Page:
Are clearly trying to get Carey Price into a rhythm early. In the last month of last season he edged away from the solid pace he’d set the first two thirds of the season. Douglas Murray, Jarred Tinordi, and Darren Dietz are all auditioning for defensive partners and call up priority. The forward group stretches the definition of NHL veteran just a tiny bit by including “puncher” Nick Tarnasky who last set foot in the NHL in the 2009-10 season and Ryan White has a similar PIMs to Points ratio. Max Pacioretty who led the team in scoring in the regular season and was badly battered in the playoffs is back on the ice. Most of the rest are late round picks, and undrafted players.

Goalies:

  • 31- Carey Price
    65- Robert Mayer

Defensemen:

  • 6- Douglas Murray
    24- Jarred Tinordi
    26- Josh Gorges
    55- Francis Bouillon
    76- P.K. Subban
    84- Darren Dietz

Forwards:

  • 32- Travis Moen
  • 37- Gabriel Dumont
  • 45- Michael Blunden
  • 48- Daniel Brière
  • 51- David Desharnais
  • 53- Ryan White
  • 60- Christian Thomas
  • 67- Max Pacioretty
  • 71- Louis Leblanc
  • 72- Nick Tarnasky
  • 75- Charles Hudon
  • 86- Stefan Fournier

Boston Bruins:

While most observers expect Johnson to be the backup to starter Tuukka Rask in Boston at least to start the season, the job won’t be handed to him if he isn’t at least adequate. Adam McQuaid will be in the novel position of the most veteran defenseman on the Bruins roster, in fact he’ll have more NHL experience than all of the other blueliners combined. Ben Youds is an undrafted, right shooting Minnesota born college alumni. The forward group is very interesting. New to the team are Jarome Iginla and Matt Fraser, Rob Flick and Carl Soderberg both joined the roster late last season. Craig Cunningham, Alex Fallstrom, Ryan Spooner, and Anthony Camara are all prospects that will be looking to make the team

Goalies:

  • Chad Johnson
  • Malcolm Subban

Defensemen:

  • Matt Bartkowski
  • Tommy Cross
  • Torey Krug
  • Adam McQuaid
  • Kevan Miller
  • Zach Trotman
  • Ben Youds

Forwards:

  • Anthony Camara
  • Craig Cunningham
  • Alex Fallstrom
  • Rob Flick
  • Matt Fraser
  • Jarome Iginla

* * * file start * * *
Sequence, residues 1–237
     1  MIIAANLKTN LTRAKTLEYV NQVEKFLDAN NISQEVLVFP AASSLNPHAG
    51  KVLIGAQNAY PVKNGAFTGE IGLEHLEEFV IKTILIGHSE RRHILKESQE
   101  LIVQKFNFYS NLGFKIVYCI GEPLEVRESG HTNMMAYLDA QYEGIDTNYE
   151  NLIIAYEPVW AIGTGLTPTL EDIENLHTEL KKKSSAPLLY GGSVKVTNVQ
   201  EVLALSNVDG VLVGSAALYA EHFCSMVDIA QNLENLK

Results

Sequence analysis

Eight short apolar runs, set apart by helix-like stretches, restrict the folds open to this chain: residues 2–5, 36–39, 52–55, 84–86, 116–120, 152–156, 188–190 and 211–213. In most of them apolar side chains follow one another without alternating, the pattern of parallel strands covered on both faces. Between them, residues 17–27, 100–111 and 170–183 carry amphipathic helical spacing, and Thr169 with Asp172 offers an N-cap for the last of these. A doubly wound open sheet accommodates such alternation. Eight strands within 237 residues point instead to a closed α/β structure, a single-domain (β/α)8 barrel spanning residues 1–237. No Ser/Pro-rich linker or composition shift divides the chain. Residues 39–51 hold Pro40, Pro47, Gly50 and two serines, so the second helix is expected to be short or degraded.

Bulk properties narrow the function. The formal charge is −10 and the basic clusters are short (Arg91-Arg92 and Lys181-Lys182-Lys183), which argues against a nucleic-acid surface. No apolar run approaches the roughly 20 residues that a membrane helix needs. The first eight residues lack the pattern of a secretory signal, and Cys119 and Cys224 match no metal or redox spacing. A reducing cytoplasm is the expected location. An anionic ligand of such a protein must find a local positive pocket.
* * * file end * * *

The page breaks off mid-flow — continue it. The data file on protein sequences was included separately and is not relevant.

• Nick Johnson
  • David Krejci
  • Milan Lucic
  • Daniel Paille
  • Carl Soderberg
  • Ryan Spooner
  • Shawn Thornton

Anyone expecting much out of this game is delusional. At best you can expect a few mights, the Habs fighters are answered by Shawn Thornton, and Milan Lucic, Anthony Camara while not large has dropped the gloves a few times, and even Ryan Spooner warned New England Hockey Journal’s Kirk Luedeke not to leave him off the list:

Ryan Spooner chastises Kirk Luedeke for leaving him off the fighters list. from twitter

Ryan Spooner chastises Kirk Luedeke for leaving him off the fighters list.

When the season opens if all goes  according to the master plan of Peter Chiarelli and Cam Neely, the Boston Bruins will look less like they did last season, and more like they did when they ran the table and collected Lord Stanley’s Cup. In the past two seasons the Boston Bruins had a clear split between the top two lines and what they contributed, and the second six and what the contributed.

Despite Daniel Paille burring tha line, and playing up and down the lineup as injuries and inconsistency crippled top six effectiveness at time  you don’t need to look much further than average time on ice for the forwards to see who did what and match up their scoring contributions. Chris Bourque failed to lockup a roster spot despite an extended stay in the lineup, he just couldn’t make the leap to the NHL. In what many expected to be his final dance with the Boston Bruins, Jordan Caron showed heart, commitment and little of the finishing that the team so desperately needed throughout the season. Of Lane McDermid, Jay Pandolfo, and Kaspars Daugavins the best that can be said of them is that the tried. Both Ryan Spooner and Carl Soderberg get a pass as their appearances were so curtailed, they spent as much time going over the boards as on the ice.

This year, the goal is a different composition. Adding Soderberg late last year, bringing in Iginla and Eriksson this year, and pushing prospects like Ryan Spooner, Jared Knight, Alex Khoklochev, Matt Fraser, Seth Griffith, and Alex Fallstrom to come to camp ready to compete for a Calder trophy. It is likely two of these players will fill in the third line, and extra forward slots.

A potential opening night third line (left to right)  is Chris Kelly – Carl Soderberg – Alex Fallstrom/Jared Knight. Its equally possible one or more of these young men will be traded before the puck drops for real.

Depending on how Claude Julinen wants to build the top two lines, and given the versatility of both Loui Eriksson and Brad Marchand, the lines could look very different from last year. Both Jarome Iginla and Loui Erikssn have mentioned a desire to play with Patrice Bergeron.

It is entirely possible we could see lines like:

Eriksson – Bergeron – Iginla

Lucic – Krejci – Marchand

Those trios would provide lines similar to the formerly successful grouping of Lucic, Marc Savard and Phil Kessel with speed and a willing shooter on the right, an offensive minded center, and Milan Lucic’s raw physicality and willingness to go anywhere and take the puck. The Bergeron line above would give Iginla and Eriksson the ability to go full steam  offensively at will, and leave the most defensively responsible forward on the roster to aid the blueliners. Regardless of how the top six shakedown, the Boston Bruins have five guys who either have or have the potential to score 30 goals. The only one of the six who hasn’t come close to 30 or passed it is Krejci and counting defensemen and powerplay time, he has a legitimate shot at 60 to 65 assists this season.

Last year Boston Bruins slipped from near the top of the NHL in scoring, to middle of the pack. A little more depth, a little more finishing ability, a touch more hunger, and maybe more maturity might have taken them past the Chicago Blackhawks and on to their seventh Stanley Cup. Clearly fans were not the only ones to notice the drop, and equally clearly the Boston brain trust believe  they’ve addressed the issues.